UK approach to small boats crisis branded ‘shameful’ by former Tory adviser

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 (UK Parliament)
(UK Parliament)

The UK and France’s response to the migrant crisis in the English Channel has been branded “shameful” by a Tory peer who served as a senior adviser to William Hague during his time as foreign secretary.

Arminka Helic’s comment came as Sir Keir Starmer accused home secretary Priti Patel of chasing headlines with threats to turn back small boats while failing to achieve anything to resolve the problem, which on Wednesday saw at least 27 people drown after a dinghy sank.

Ms Patel today told the House of Commons that “in terms of toughness… I have not ruled anything out”.

Delivering a statement to MPs on the Channel tragedy, the Home Secretary confirmed that she has authorised Border Force to use “push back” tactics to force boats back to the French coast.

She told MPs she was considering “offshoring” the processing of migrants or sending them to another country while their applications for asylum are being considered.

And she said that in a phone call with French interior minister Gerald Darmanin today she repeated the UK’s offer of personnel to take part in joint patrols to intercept vessels launching from beaches, as well as technology to detect movements of vehicles carrying migrants to embarkation points.

After France rejected the offer of uniformed British police or border officials on sovereignty grounds, Ms Patel floated proposals for “unwarranted” officers with no power of arrest who could assist with surveillance duties.

“We have put forward a very, very significant technology offer which does include enhanced surveillance,” she told MPs. “It does include ANPR (automatic number plate recognition) on the roads coming up to the beaches.

“We’ve also offered to put more officers – unwarranted because they will not take warranted officers – but these are the things I will be working through very specifically now because the status quo cannot persist.”

But Starmer was dismissive of her promises of action, telling the BBC’s Political Thinking podcast: “To be honest, I’m sick of the home secretary playing to the headlines on this with grand statements about what she’s going to do - turning boats back and all the rest of it - but actually not achieving anything in relation to this issue.”

And Baroness Helic said the focus by the UK and France on security measures to block sailings was “shameful for both countries”.

Lady Helic, who fled to Britain from Bosnia during the 1990s war and served as a foreign policy adviser to the Tories from 1998 onwards, told Times Radio: “We shouldn’t be having a ding-dong ping-pong with people whose destinies are connected to the most horrible experiences that they would have had and they are looking for a better life or they’re looking simply for safety.”

She called on the UK to show “leadership” in devising an international solution to the problem of 85 million refugees and displaced people all over the world.

“Don’t think of these people as these nameless zombies that are crossing different countries,” she said. “They at some point had a home and their children went to school, they had a street that they lived in, they had friends and relatives, they probably played football just like you do.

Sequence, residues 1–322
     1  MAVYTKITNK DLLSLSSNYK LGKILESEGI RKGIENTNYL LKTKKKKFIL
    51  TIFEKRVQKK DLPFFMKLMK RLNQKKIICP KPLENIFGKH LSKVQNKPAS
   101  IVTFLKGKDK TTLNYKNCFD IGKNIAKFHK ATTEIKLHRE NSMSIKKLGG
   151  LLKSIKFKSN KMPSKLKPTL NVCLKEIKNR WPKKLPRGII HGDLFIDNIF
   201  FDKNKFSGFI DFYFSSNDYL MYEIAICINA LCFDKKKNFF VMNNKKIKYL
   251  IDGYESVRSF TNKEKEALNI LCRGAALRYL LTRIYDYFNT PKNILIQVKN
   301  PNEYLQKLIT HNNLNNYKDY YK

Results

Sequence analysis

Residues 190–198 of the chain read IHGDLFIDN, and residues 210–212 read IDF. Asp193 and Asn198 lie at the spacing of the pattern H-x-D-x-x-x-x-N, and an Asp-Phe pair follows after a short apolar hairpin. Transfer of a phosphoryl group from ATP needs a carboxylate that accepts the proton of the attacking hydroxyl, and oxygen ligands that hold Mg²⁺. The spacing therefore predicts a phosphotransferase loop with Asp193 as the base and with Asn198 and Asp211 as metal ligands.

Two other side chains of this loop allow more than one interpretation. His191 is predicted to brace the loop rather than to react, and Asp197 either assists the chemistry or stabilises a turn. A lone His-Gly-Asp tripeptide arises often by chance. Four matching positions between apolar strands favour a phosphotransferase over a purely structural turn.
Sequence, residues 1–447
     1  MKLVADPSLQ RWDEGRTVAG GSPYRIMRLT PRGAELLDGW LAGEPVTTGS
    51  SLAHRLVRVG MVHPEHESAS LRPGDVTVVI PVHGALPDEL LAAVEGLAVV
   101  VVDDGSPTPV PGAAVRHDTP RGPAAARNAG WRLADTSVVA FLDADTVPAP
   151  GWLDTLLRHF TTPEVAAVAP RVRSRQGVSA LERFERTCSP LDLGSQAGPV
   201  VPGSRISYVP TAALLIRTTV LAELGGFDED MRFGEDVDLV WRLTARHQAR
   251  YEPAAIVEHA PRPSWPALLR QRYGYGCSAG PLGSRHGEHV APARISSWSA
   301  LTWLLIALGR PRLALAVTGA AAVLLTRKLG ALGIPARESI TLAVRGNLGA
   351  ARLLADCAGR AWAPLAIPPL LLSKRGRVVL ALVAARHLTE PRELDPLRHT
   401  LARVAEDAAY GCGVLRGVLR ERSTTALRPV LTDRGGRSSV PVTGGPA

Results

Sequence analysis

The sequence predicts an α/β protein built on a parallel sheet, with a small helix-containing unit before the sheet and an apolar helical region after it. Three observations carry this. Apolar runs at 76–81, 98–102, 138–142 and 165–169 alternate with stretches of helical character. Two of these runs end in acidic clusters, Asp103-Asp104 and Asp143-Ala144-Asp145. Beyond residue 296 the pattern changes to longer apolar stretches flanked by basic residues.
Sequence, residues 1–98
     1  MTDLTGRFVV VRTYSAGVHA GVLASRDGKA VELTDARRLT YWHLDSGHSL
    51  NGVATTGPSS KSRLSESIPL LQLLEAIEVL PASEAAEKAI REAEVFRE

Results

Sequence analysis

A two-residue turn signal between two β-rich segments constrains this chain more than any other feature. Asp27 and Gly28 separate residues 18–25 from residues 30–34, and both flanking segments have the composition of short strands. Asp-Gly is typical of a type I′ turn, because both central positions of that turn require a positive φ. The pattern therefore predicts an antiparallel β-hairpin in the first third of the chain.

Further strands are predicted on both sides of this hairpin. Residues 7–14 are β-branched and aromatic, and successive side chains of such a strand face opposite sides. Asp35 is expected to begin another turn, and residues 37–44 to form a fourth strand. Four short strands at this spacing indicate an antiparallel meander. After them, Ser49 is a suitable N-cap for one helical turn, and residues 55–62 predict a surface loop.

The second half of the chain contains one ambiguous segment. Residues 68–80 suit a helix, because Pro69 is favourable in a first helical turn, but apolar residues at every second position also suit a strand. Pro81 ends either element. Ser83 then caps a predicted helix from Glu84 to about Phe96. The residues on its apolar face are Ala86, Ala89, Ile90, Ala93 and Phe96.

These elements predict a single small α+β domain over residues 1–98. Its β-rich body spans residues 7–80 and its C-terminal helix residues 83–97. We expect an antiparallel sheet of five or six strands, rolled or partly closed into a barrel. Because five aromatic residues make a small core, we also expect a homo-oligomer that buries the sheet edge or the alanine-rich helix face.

“They probably watched something on TV that they all enjoyed, and they had their favourite meal, and they had their favourite pastime. They’re people just like us. Think of them as another human being and think of yourself as being lucky to have been born in this country because it could have been you, it could have been me, it could have been any one of us.”

Ms Patel told the House of Commons it was a “complete myth and fallacy” to suggest the UK should not look at all options to deal with the migrant crisis, including stopping boats entering territorial waters.

The UK needs to work with other countries to tackle the small boats crisis but there was “no silver bullet” solution available, she said.

“We cannot do it alone,” said Ms Patel. “We continue to work closely with the French to prevent crossings.

“More than 20,000 have been stopped this year… we have dismantled 17 organised criminal groups and secured over 400 arrests and 65 convictions.

“But this crisis continues, clearly demonstrating we need to do more together.

“This is a complicated issue and there is no simple fix. It does need a Herculean effort and it will be impossible without close co-operation between all international partners and agencies.”

She added: “What happened yesterday was a dreadful shock, it was not a surprise but it is also a reminder of how vulnerable people are put at peril when in the hands of criminal gangs.

“There is also no quick fix. This is about addressing long-term pull factors, smashing the criminal gangs that treat human beings as cargo and tackling supply chains.”

Shadow home secretary Nick Thomas-Symonds urged Ms Patel to “urgently reinstate” the Dubs Scheme to provide safe routes to the UK for unaccompanied child migrants, which was set up by David Cameron following a campaign for Labour peer and wartime refugee Alf Dubs.

“The Dubs Scheme was closed down having helped only 480 unaccompanied children rather than the 3,000 that it expected to help,” said Mr Thomas-Symonds. Will that scheme be urgently reinstated?”

The shadow home secretary also highlighted new figures showing that in its first year of operation, the new UK Resettlement Scheme had helped only 770 people, compared to the 5,000 promised on its launch.

Ms Patel also came under pressure to name a date for the commencement of the resettlement scheme for 20,000 Afghans announced at the time of the Taliban takeover in August. But she was unable to say when the scheme will open, saying that discussions were ongoing with the UN High Commission for Refugees on how it will operate.

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